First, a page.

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The most recent article @ Mozilla Hacks features infographic that included information about web developers perception of online communities. While Stack Overflow is highly popular there is a few areas of concern, particularly "site organization", uniqueness of information and the accessibility of the owner/leader.

I was wondering if some policies, such as preserving multiple duplicates are contributing towards the negative image of Stack Overflow among web developers.

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I just saw it and thought 'wow, what a great score we got!'... but kudos to you for trying to improve it.. –  Michael Pryor Nov 30 '10 at 22:20
@Michael: due to the survey objectives SO weren't compared to the any of the QA community, but I'd love to see that comparison! –  SilentGhost Nov 30 '10 at 22:28
Jimmy Wales is more accessible than Jeff/Joel/Jon??? –  ЯegDwight Nov 30 '10 at 22:32
@Red:I'm sure 57 and 58 are the same number for all intents and purposes. –  SilentGhost Nov 30 '10 at 22:37
My point is that the figures should be not just the other way round, but also more like 0 vs 100. I have been contributing to Wikipedia since 2003, I am a Wiktionary bureaucrat, and I am not entirely inactive on meta.wikimedia, yet I have never even crossed Jimmy Wales' path. Compare that to StackExchange, where I constantly run into Jeff and Joel. –  ЯegDwight Nov 30 '10 at 23:01
@Red: good point. But I'd doubt that the visibility/accessibility of our corporate overlords is something that can be tweaked with the change in policy. It is also important to note, that the average user is probably not as involved on meta as one might expect, therefore his view point would be somewhat different to ours. –  SilentGhost Nov 30 '10 at 23:15
I don't understand why "owner/leader accessible" is a factor in the rating at all. –  mmyers Nov 30 '10 at 23:24
Let's plaster a big banner across every page with Jeff's Personal Appeal, that will fix that perception. –  Uphill Luge Dec 1 '10 at 0:48
Based on their findings, I guess we should totally drop that and use jQuery. –  gnostradamus Dec 1 '10 at 2:00
I look at that infographic and think: ① Since when is Wikipedia a Web developer community? ② The "visits to company-affilated sites" metric is misleading at best, given that many respondents found out about the survey from visiting MDN, ③ SO got great numbers given that most questions by respondents would be considered off-topic on SO, and ④ The "accessible leader" thing isn't that surprising given that your average web dev with an SO question isn't likely to run into Jeff or Joel—whereas everyone on WP HAS to look at Wales. –  Dori Dec 1 '10 at 2:57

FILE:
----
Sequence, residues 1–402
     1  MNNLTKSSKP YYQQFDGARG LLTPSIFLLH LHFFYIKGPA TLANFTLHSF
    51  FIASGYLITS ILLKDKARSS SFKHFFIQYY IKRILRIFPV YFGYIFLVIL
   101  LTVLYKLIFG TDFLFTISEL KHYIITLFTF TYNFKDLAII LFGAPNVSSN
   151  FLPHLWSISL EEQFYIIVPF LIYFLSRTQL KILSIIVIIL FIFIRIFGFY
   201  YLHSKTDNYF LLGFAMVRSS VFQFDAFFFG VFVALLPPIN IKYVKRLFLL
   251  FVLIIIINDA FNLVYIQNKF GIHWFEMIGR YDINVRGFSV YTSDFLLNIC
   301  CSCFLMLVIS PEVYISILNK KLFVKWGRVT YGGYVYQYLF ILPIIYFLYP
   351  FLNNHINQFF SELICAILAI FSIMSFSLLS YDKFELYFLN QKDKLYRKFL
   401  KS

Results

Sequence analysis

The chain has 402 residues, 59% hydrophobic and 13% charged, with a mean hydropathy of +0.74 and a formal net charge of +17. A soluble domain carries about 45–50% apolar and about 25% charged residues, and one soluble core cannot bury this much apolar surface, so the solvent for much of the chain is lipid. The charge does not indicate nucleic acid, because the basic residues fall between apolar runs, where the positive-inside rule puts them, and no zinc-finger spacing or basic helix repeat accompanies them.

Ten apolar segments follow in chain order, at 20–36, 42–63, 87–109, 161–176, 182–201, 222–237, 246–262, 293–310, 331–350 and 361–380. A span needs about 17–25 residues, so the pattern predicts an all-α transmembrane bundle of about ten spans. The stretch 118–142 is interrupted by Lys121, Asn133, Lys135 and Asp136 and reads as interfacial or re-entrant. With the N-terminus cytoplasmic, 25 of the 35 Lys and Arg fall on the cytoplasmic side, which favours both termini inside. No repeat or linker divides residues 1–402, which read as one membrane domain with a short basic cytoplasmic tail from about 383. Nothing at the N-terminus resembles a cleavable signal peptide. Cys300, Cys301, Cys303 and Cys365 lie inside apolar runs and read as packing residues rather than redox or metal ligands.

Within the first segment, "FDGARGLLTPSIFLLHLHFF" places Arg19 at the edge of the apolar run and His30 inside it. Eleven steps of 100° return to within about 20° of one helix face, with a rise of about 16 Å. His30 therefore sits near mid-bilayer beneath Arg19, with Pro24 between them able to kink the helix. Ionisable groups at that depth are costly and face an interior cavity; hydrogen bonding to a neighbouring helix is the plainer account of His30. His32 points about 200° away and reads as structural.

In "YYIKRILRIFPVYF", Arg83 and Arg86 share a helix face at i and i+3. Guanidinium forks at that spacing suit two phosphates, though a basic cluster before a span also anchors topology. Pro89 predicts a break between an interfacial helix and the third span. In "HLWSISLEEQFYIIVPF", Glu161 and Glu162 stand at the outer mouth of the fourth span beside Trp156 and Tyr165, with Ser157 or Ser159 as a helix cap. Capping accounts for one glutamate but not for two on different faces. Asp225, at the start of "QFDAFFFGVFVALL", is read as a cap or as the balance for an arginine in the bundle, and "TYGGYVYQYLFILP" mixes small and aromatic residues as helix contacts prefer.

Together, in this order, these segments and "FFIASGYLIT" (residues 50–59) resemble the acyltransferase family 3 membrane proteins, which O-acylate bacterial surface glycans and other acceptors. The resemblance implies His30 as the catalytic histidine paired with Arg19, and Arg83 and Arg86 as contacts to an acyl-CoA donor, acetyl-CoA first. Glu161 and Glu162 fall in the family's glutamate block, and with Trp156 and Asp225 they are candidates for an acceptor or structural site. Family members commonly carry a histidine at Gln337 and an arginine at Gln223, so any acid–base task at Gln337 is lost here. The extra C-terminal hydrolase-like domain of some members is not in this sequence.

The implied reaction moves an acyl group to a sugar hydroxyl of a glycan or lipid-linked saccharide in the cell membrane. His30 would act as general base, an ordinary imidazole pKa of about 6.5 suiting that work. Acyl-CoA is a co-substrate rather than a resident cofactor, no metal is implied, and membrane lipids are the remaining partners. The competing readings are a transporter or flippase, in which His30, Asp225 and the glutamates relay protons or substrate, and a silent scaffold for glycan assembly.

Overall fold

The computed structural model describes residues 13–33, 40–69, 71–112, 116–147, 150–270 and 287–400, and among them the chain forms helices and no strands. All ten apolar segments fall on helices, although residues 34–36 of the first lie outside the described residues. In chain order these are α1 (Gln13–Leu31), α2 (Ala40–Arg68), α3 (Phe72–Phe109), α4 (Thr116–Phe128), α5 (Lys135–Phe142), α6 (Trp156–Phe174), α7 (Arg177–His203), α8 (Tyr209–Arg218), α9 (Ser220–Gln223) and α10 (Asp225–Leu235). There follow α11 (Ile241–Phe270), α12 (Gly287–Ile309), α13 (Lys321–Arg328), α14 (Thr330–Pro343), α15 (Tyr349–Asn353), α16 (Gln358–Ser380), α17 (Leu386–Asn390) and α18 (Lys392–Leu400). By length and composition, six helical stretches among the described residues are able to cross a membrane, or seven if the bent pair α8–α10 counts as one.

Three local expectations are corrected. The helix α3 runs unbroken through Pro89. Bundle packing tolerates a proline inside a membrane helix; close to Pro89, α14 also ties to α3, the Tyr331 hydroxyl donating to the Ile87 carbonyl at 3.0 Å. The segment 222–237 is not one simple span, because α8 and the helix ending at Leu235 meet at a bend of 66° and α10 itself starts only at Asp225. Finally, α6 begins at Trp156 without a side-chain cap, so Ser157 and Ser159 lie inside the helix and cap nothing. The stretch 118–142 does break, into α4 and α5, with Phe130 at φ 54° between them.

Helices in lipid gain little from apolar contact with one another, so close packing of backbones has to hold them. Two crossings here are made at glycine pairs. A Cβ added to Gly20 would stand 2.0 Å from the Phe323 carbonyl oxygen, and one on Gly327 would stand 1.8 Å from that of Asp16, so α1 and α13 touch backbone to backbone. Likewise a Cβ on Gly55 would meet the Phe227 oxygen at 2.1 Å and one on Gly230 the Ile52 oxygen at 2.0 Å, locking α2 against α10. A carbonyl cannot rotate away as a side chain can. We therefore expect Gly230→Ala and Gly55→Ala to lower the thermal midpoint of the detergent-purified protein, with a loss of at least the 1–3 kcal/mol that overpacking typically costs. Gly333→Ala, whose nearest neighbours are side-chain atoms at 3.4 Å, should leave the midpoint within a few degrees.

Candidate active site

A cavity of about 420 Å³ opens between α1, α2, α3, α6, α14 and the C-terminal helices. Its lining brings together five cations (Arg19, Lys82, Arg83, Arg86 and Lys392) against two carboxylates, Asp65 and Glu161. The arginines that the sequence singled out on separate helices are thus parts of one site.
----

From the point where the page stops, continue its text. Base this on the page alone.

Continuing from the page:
@Reg Wales is extremely accessible -- just go to any Wikipedia article and he's right there at the top :) –  Michael Mrozek Dec 1 '10 at 6:52
@Dori: how did you make those nifty numbers with circles (1, 2, 3, 4)? –  Peter Mortensen Dec 1 '10 at 18:00
@Dori: re: 1) A long stretch, but it could refer to the Wikipedia Reference desk for Computing that works like a Q&A site , e.g. DOM/HTML5/JavaScript, Checking the size of a canvas element and A painfully simple perplexing CSS question. –  Peter Mortensen Dec 1 '10 at 18:05
@Peter - I Unicode. –  Dori Dec 1 '10 at 21:25
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2 Answers

That report says:

a lot of people self-selected as both a web developer and designer

While the SO FAQ says:

If your question is about … Web design and HTML/CSS layout, and your job title is "designer", ask on Doctype.

So the answer to your question:

I was wondering if some policies … are contributing towards the negative image of Stack Overflow among web developers.

is definitely "yes."

If "a lot of people" who answered the survey think of themselves (at least partly) as designers, and the SO FAQ tells Web designers that their HTML/CSS/Layout questions are unwelcome not just on SO, but on any SE site, then it's not really surprising if SO isn't better loved by that group.

Yes, I know that there's no shortage of HTML, CSS, and even Web design questions—but they're from people who either don't read FAQs or don't care. Is that really who we want to favor?

My preferred solution, btw, would be to see any of these currently existing Area51 proposals take off: Web Development & Design, Web Design, and/or CSS Expertise.

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well, the popularity percent of the SO is rather high, and if you look at the top of the graphic there is a breakdown by what actual development respondents did. As you can see there are plenty of legitimate SO stuff there, and not just html/css. –  SilentGhost Dec 1 '10 at 23:14
@SilentGhost - I was just answering your question: what policies I thought might influence how SO is perceived by those who answered the survey. I agree with Jeff that SO did impressively well overall—and the FAQ does make it pretty clear that designers ain't welcome on SE. –  Dori Dec 2 '10 at 2:35
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I agree with Dori's answer. This was my reaction as well : this survey is a little skewed toward designers. And obviously for design there's no way we're going to be as good as, say A List Apart.

favorite developer communities

Anyway, it's an honor to be on the list and I thought we did great. Not that we can't improve...

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